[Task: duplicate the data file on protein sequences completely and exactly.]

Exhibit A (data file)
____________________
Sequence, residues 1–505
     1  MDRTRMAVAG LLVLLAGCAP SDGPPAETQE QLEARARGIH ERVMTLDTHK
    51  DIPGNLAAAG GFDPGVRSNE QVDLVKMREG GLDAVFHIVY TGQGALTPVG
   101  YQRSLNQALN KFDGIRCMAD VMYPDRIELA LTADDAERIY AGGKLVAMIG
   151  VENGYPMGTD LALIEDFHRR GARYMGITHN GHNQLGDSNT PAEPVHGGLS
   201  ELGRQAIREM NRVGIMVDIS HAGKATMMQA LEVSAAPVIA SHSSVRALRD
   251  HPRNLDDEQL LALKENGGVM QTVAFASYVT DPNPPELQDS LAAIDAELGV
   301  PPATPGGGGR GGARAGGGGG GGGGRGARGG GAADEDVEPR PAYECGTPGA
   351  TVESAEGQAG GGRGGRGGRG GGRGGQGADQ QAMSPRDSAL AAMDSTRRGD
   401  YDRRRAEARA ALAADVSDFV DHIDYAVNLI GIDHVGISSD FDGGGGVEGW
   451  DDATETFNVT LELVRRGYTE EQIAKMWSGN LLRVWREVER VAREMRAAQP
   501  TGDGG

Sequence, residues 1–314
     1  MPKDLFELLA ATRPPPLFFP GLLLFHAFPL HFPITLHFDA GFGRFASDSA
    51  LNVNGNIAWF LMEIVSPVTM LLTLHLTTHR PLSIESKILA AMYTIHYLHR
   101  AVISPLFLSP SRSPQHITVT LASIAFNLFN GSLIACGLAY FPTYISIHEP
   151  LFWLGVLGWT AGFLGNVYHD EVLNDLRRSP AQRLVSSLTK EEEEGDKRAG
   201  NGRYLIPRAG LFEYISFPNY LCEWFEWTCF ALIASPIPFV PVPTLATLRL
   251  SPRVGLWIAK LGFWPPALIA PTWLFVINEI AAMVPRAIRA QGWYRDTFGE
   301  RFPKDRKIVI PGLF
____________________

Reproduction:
Sequence, residues 1–505
     1  MDRTRMAVAG LLVLLAGCAP SDGPPAETQE QLEARARGIH ERVMTLDTHK
    51  DIPGNLAAAG GFDPGVRSNE QVDLVKMREG GLDAVFHIVY TGQGALTPVG
   101  YQRSLNQALN KFDGIRCMAD VMYPDRIELA LTADDAERIY AGGKLVAMIG
   151  VENGYPMGTD LALIEDFHRR GARYMGITHN GHNQLGDSNT PAEPVHGGLS
   201  ELGRQAIREM NRVGIMVDIS HAGKATMMQA LEVSAAPVIA SHSSVRALRD
   251  HPRNLDDEQL LALKENGGVM QTVAFASYVT DPNPPELQDS LAAIDAELGV
   301  PPATPGGGGR GGARAGGGGG GGGGRGARGG GAADEDVEPR PAYECGTPGA
   351  TVESAEGQAG GGRGGRGGRG GGRGGQGADQ QAMSPRDSAL AAMDSTRRGD
   401  YDRRRAEARA ALAADVSDFV DHIDYAVNLI GIDHVGISSD FDGGGGVEGW
   451  DDATETFNVT LELVRRGYTE EQIAKMWSGN LLRVWREVER VAREMRAAQP
   501  TGDGG

Sequence, residues 1–314
     1  MPKDLFELLA ATRPPPLFFP GLLLFHAFPL HFPITLHFDA GFGRFASDSA
    51  LNVNGNIAWF LMEIVSPVTM LLTLHLTTHR PLSIESKILA AMYTIHYLHR
   101  AVISPLFLSP SRSPQHITVT LASIAFNLFN GSLIACGLAY FPTYISIHEP
   151  LFWLGVLGWT AGFLGNVYHD EVLNDLRRSP AQRLVSSLTK EEEEGDKRAG
   201  NGRYLIPRAG LFEYISFPNY LCEWFEWTCF ALIASPIPFV PVPTLATLRL
   251  SPRVGLWIAK LGFWPPALIA PTWLFVINEI AAMVPRAIRA QGWYRDTFGE
   301  RFPKDRKIVI PGLF